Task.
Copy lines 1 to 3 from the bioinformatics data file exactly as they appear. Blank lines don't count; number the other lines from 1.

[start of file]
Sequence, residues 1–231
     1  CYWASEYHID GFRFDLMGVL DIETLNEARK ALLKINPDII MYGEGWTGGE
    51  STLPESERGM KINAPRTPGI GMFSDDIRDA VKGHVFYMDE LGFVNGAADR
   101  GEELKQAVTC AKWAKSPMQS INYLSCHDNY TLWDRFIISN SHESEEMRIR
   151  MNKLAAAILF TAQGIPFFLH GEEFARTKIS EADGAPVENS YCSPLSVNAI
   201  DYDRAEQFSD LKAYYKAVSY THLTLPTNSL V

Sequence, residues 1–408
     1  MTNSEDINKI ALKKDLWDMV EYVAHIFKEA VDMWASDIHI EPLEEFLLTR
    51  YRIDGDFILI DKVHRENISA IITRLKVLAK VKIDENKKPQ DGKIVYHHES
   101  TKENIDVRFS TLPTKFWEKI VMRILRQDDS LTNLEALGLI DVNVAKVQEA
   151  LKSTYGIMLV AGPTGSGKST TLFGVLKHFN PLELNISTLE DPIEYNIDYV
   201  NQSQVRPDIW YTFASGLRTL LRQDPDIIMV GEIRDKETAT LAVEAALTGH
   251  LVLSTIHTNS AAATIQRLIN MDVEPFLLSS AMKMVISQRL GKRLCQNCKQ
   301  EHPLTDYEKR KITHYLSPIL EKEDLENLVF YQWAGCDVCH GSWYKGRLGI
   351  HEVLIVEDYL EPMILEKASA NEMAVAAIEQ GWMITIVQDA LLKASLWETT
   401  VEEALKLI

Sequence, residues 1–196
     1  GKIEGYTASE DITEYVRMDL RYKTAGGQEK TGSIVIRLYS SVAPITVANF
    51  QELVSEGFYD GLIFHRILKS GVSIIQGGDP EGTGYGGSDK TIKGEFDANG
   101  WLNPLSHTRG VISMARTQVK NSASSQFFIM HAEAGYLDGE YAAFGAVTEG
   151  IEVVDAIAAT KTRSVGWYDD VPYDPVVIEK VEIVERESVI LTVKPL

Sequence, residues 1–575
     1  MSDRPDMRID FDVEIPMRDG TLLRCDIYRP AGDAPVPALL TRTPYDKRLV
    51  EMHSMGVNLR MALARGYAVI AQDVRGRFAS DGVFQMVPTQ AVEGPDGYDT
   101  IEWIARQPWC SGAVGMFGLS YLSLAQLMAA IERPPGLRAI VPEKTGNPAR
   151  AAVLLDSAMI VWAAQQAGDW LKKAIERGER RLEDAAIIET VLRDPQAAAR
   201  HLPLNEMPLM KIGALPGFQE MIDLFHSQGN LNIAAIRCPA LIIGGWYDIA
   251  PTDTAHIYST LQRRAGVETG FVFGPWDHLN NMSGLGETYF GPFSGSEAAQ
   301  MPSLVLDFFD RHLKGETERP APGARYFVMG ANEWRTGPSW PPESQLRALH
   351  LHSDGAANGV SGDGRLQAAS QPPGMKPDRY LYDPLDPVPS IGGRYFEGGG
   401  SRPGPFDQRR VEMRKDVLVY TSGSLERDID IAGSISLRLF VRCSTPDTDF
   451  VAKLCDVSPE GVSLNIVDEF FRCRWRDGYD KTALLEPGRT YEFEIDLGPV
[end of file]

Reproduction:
Sequence, residues 1–231
     1  CYWASEYHID GFRFDLMGVL DIETLNEARK ALLKINPDII MYGEGWTGGE
    51  STLPESERGM KINAPRTPGI GMFSDDIRDA VKGHVFYMDE LGFVNGAADR